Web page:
This paper surveyed existing input ambiguity resolving mechanisms and developed OOPS – a toolkit that addressed the problems in these mechanisms.
- … some problem in interaction causes the system to do something other than what the user intended (our ultimate definition of error);
- The four ambiguity problems:
- Adding alternatives: what the user wants to specify is not presented;
- Occlusion: choice mediators cover important information;
- Target ambiguity: the target users are going against is not clear;
- Errors of omission: the users’ input is completely omitted.
- The two prevailing mediation strategies:
- Repetition: the user repeats her input until the system correctly interprets it;
- Choice: the system displays several alternatives and the user selects the correct answer from among them.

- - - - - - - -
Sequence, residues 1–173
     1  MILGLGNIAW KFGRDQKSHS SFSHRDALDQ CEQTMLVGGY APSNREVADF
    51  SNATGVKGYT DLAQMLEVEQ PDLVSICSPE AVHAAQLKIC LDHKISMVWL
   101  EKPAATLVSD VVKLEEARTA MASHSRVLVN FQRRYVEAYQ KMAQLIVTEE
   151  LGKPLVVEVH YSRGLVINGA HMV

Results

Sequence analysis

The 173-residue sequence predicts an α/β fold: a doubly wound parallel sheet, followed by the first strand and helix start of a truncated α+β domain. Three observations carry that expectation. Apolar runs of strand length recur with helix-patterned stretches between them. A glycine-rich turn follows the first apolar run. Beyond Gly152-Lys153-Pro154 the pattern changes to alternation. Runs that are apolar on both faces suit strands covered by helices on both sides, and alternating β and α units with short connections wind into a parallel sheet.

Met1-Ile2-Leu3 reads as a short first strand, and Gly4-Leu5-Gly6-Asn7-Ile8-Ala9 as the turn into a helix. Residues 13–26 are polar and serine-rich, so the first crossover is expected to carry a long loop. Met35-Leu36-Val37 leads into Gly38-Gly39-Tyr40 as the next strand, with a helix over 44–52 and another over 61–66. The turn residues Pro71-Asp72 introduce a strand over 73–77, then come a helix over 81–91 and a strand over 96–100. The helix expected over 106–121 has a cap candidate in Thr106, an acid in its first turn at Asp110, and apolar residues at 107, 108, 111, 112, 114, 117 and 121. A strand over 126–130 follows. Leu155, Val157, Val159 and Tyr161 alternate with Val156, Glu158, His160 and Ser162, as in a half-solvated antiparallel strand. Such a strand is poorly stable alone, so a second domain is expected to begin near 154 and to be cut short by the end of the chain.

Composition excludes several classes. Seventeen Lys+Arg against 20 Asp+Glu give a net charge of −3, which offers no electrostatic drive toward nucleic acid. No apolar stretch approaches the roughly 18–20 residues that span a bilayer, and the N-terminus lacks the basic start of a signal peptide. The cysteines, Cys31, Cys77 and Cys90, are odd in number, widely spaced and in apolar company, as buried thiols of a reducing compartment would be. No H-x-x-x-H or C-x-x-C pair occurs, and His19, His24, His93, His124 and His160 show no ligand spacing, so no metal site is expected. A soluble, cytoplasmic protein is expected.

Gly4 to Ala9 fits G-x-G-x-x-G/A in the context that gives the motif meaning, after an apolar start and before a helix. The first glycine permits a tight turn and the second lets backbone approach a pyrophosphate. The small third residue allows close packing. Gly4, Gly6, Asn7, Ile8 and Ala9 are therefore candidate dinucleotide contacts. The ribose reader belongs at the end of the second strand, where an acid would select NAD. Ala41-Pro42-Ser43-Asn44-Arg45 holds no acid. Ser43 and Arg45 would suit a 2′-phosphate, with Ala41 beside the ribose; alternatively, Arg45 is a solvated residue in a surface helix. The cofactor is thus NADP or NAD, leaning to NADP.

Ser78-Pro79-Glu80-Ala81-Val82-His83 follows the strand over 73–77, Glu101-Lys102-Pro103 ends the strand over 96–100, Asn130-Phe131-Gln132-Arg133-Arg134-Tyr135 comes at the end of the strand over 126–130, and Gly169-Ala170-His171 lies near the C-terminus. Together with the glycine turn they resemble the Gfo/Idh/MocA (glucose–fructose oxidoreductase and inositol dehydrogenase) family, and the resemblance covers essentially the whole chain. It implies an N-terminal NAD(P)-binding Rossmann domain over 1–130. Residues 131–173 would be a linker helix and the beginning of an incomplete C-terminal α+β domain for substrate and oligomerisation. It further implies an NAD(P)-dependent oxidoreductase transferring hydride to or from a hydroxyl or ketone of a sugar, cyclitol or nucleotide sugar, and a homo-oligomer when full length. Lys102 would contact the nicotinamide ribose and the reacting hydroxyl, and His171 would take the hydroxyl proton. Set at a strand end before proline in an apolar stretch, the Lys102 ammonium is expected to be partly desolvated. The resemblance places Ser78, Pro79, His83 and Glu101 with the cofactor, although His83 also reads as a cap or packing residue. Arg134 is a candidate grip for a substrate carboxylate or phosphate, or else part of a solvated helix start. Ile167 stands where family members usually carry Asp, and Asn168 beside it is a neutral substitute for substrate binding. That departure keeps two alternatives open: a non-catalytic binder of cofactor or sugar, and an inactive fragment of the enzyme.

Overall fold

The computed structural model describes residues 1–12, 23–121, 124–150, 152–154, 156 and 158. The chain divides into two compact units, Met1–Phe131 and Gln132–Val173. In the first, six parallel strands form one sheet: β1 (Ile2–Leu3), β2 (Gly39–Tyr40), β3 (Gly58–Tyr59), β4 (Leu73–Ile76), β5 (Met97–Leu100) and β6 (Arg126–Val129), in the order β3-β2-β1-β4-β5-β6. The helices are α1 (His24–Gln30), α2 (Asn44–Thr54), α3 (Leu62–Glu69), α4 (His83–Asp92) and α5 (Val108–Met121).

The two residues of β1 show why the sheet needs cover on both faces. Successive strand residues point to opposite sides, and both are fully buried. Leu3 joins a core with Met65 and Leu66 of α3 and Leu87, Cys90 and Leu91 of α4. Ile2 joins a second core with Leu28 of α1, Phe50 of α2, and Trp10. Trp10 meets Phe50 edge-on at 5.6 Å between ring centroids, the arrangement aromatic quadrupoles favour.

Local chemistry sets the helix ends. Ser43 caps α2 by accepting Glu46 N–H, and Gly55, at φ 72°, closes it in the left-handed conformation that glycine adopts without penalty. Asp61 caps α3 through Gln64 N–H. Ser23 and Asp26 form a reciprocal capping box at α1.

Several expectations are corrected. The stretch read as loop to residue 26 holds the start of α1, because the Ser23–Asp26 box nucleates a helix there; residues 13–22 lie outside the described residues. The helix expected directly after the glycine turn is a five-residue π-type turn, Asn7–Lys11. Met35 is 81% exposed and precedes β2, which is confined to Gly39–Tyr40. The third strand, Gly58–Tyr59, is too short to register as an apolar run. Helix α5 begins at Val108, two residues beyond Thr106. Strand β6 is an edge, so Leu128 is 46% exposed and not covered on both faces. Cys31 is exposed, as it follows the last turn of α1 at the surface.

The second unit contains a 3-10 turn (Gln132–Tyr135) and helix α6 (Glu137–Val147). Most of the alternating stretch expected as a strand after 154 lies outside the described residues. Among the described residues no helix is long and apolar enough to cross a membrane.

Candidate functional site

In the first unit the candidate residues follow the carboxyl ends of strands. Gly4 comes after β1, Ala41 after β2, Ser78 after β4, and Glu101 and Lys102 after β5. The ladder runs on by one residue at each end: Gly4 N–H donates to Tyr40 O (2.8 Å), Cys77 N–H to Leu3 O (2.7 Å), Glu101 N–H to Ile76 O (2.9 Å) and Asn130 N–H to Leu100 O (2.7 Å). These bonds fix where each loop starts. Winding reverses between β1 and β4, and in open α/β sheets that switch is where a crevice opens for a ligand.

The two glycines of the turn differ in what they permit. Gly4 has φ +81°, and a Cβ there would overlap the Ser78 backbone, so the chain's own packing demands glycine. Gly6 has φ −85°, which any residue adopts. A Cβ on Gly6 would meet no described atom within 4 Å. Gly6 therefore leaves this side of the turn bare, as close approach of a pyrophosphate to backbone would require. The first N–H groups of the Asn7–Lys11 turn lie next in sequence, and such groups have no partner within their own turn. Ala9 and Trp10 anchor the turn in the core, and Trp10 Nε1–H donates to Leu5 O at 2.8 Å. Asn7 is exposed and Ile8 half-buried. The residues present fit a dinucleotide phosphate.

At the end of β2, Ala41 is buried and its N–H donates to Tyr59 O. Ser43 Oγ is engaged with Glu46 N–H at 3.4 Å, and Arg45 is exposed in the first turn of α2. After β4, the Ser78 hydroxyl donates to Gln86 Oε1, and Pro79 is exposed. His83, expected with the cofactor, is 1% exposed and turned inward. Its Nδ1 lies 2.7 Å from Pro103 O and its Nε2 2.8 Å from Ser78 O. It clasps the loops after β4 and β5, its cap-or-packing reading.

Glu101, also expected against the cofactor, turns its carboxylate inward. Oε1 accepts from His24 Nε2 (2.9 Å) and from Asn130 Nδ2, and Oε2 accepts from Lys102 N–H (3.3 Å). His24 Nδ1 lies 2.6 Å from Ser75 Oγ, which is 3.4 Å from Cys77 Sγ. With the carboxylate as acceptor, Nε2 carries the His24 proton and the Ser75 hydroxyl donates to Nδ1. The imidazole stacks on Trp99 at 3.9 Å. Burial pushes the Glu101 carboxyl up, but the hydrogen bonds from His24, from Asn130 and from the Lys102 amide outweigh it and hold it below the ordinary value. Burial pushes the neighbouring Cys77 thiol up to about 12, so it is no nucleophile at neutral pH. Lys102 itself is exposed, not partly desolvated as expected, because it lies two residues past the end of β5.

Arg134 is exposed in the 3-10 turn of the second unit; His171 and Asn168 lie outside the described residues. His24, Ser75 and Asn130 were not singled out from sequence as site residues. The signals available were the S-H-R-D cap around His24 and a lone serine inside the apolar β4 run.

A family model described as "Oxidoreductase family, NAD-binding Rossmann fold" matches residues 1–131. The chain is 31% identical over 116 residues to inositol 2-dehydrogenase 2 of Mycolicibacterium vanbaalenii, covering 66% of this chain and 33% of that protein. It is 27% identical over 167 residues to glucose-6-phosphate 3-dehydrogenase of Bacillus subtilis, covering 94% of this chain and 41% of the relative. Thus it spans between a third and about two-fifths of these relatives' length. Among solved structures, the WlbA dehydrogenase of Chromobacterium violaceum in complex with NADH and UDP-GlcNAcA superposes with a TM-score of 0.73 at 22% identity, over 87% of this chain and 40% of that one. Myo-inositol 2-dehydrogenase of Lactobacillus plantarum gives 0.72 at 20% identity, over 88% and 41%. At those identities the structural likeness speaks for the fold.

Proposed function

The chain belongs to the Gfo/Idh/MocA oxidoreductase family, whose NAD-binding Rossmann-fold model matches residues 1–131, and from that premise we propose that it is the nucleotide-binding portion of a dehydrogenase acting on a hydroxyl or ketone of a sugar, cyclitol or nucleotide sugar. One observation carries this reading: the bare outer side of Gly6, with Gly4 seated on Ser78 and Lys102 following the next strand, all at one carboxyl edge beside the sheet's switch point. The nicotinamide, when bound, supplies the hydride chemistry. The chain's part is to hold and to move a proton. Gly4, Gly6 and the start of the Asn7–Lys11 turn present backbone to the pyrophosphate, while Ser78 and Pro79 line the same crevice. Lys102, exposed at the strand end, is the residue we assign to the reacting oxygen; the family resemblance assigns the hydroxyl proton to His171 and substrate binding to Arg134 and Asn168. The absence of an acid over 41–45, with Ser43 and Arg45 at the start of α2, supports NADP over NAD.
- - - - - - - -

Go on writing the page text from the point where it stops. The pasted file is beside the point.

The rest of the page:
- OOPS takes a step further by allowing recognizers to produce arbitrary input events that are dispatched through the same input handling system as any raw events produced by mouse or keyboard;
A large part of the paper has been trying to point out that the OOPS’ as an individual toolkit can be generalized and reused. In the language of development, this is easily convincing. But what if it is not a software technique but a design idea? How can we claim the design of a particular interaction is ‘reusable’?